The introduction of the new “tourist tax” in Europe has been delayed again

Surprise, surprise – as the world rediscovers its love of travel after a turbulent few years, countries are keen to capitalize on it. Wherever you choose to travel, expect new e-travel authorization or visa fees in the years to come.

But such a fee, which was expected to affect hundreds of millions of travelers as of May this year, is once again being delayed.

The European Union has been eagerly awaiting the launch of its new ETIAS travel authorization, which would pre-authorize people to visit the bloc of European nations and charge $8 for three years of access.

In response to a variety of technical issues and calls for recovery, that 2023 launch is now pushed back again to 2024. Summer travel to Europe should remain as seamless as ever for now.

European Union ETIAS Delayed

The United States was among the first to introduce an electronic authorization system with the pre-travel “ESTA” authorization required for all tourist entry. The visa, which is “definitely not a visa,” will be used to pre-screen worrisome travelers and fund tourism infrastructure.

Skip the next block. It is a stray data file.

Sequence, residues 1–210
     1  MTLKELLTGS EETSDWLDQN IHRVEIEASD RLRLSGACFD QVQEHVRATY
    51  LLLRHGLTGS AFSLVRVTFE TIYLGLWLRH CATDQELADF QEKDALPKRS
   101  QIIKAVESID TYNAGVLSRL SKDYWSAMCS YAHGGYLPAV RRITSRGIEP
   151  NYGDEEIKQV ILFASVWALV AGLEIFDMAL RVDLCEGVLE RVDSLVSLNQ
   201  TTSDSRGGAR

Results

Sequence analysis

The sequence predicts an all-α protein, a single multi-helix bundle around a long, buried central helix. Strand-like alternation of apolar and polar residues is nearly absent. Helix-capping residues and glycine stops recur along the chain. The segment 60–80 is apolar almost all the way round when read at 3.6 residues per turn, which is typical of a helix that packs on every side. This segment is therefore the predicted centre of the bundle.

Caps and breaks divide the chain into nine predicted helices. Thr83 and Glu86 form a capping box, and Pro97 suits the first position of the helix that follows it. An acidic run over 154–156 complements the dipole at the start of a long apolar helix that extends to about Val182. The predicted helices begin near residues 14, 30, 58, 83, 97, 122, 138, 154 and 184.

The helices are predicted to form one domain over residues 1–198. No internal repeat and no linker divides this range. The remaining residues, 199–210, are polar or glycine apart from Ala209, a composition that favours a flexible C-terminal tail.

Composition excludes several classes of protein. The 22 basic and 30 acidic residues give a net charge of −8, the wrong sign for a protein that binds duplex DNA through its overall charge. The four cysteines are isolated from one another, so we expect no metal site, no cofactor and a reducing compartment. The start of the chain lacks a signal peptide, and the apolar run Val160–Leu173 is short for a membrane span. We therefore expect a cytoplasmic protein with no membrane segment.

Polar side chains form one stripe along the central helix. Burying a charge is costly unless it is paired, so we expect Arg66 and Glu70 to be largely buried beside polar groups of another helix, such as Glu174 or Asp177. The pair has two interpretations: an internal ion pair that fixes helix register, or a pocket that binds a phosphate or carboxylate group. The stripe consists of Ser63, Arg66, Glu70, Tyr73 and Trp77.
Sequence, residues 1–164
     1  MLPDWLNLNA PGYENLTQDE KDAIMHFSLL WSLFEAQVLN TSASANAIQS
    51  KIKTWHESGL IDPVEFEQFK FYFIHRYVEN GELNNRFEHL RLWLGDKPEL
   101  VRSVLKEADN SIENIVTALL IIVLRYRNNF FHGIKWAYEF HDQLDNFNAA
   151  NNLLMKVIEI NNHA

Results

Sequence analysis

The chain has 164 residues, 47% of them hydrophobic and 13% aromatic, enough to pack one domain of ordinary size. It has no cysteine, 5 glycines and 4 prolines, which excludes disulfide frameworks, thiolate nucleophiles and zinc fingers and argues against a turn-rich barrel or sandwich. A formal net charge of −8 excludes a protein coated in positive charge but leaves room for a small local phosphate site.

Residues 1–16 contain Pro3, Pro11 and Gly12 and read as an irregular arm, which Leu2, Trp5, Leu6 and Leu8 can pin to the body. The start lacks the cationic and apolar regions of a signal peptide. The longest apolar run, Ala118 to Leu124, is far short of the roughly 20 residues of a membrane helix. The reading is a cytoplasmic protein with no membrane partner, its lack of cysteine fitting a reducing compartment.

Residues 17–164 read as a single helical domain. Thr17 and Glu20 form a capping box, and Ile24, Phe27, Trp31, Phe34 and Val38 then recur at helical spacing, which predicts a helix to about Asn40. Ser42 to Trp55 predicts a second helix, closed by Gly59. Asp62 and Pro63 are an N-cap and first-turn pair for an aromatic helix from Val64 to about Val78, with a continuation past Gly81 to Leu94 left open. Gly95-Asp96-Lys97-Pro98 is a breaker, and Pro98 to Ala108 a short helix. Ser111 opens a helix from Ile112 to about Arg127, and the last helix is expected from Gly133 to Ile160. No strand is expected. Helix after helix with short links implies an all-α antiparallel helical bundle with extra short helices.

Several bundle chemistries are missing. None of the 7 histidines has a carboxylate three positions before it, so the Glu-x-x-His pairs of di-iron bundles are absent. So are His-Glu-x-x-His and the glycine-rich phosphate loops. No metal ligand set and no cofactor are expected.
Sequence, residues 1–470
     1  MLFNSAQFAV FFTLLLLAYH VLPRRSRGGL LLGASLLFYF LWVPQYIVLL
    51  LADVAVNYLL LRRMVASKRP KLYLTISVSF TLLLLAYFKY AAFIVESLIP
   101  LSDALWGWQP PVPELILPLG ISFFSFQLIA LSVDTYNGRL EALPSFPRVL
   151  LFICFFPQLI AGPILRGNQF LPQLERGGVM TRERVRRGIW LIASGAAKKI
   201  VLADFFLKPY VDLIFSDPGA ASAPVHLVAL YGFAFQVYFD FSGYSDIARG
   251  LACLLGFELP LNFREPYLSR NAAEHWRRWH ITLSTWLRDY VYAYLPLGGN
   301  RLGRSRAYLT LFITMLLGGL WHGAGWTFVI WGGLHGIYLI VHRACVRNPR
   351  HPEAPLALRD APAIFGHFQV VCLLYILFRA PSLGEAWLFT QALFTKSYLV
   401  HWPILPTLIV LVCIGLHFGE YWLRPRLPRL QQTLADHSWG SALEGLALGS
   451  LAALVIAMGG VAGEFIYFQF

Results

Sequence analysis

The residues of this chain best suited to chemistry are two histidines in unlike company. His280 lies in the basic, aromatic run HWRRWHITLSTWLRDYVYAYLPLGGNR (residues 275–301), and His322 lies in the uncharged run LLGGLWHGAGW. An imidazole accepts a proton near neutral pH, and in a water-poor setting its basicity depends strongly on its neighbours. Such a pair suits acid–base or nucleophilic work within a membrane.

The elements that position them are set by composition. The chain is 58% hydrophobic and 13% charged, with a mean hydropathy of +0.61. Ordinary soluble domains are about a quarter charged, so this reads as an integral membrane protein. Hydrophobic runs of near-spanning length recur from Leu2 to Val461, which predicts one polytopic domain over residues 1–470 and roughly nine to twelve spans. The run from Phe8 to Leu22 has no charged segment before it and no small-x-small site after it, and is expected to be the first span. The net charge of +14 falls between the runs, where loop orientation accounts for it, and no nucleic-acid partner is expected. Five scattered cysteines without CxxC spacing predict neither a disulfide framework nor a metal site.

In response to this tit-for-tat fee imposed on European citizens and to pre-screen travelers traveling to Europe, the EU plans to introduce its own version of the ESTA with the ETIAS authorisation.

Registration and mandatory use was expected to begin in May 2023, but will now not come into effect until 2024, with no further details on when.

In separate but related news, the UK plans to introduce its mandatory entry fee before the end of 2023, which will remain separate from any access to the European Union such as the ETIAS.

What does this mean for my trip?

It was widely expected that tourists traveling to Europe this summer or autumn would need to apply for an ETIAS travel authorization this year and pay the fee before traveling. That is no longer the case.

Although a fee of US$8 and a waiting time of typically 24 to 48 hours for approval of an ETIAS travel authorization will eventually apply in 2024, this will not be the case this year. If you are planning to travel to Europe in 2023, all requirements are similar to current ones.

The European Union allows visa-free entry from many countries. So if you were previously able to enter without paperwork, you should still be able to do so for the most part. An American traveling to Madrid this summer does not need to apply for an ETIAS and no applications will be made.

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